The use of passive voice has three drawbacks. First, the use of the passive voice and the inclusion of an auxiliary officer unnecessarily add a few more words. Second, the use of the passive voice and the omission of Agent By mask who the actor is. And third, the passive voice disrupts the normal subject-verb-verb-object order of a sentence. These disadvantages apply to any form of writing, but the issue of contract prose is particularly important – the consequences of concealing who the actor is can be dramatic. In The Prose of the Treaty, you should always use the active voice, unless it is clear that the passive voice represents an improvement. Here is another example that one of my penn-law students recently showed me: after the closing acme, it remains bound by Article 6 of the shareholders` pact. Yes, it is in the passive voice, but I do not see the point in saying instead, after Article 6 of the shareholders` pact will continue to engage. The reader is more interested in Acme than in Article 6 of the Shareholders` Pact, so It is appropriate to place Acme first.

Although the active voice is generally better, the passive voice makes sense in the following situations: Personalize! A method of drying up contracts, the dust being intended to “impersonalize” the provisions of the treaty. Impersonal phrases can be recognized by sentences as he agreed. Often this sentence is superfluous because it would be followed by a kind of A, which is sufficient and clear. If this is not the case, the actor (i.e. the debtor of the undertaking) is probably absent. Similar examples, for which the debtor may not be clear, begin with the agreement of the parties. Similarly, if possible, obligations and other provisions should be written in the singular number and in the contemporary form. Instead of the parties immediately inquiring about the occurrence of force majeure events, it is best to write to a party that immediately informs the other party of the force majeure situation.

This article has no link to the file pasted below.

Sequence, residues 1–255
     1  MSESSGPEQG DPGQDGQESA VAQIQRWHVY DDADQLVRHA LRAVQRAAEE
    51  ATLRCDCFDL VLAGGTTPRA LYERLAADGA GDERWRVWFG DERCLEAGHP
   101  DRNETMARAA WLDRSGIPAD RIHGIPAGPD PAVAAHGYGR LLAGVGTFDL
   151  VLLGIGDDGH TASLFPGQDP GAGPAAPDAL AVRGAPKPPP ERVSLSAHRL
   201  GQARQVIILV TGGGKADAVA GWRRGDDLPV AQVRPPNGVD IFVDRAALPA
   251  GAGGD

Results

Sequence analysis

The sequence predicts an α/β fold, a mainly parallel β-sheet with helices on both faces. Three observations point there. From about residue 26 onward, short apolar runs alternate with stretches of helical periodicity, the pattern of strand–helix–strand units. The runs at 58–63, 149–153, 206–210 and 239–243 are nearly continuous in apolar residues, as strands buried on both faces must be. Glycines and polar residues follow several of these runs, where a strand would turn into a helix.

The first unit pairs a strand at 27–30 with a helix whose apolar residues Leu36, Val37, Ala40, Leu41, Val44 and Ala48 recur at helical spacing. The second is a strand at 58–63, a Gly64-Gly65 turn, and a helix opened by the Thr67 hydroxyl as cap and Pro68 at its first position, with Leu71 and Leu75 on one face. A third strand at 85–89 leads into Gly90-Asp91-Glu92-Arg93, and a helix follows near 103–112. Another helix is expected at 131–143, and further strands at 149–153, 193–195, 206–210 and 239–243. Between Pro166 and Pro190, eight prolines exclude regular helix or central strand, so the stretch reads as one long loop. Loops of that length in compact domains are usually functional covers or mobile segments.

And of course, the active voice is active — it makes our writing more dynamic and energetic. For these reasons, it is usually best to write in an active voice – and rewrite all passive phrases to make them active. Nominalization. Names are more tiring to read than verbs. “Active phrases” tend to form “unloaded” structures that, in the passive, would be covered by subversives. A verb gives a sentence to its plot, while a name places the reader out of context. This means that a text also becomes more alive in the active voice. The active voice not only holds an easier sentence, it also tends to make the sentence clearer. Lawyers are well placed to name verbs: in the eyes of the lawyer, a shareholder does not decide, but takes or makes a solution; A buyer does not pay, but makes a payment; A party does not provide written information, but issues a written notification; a service provider does not act appropriately, but takes appropriate action.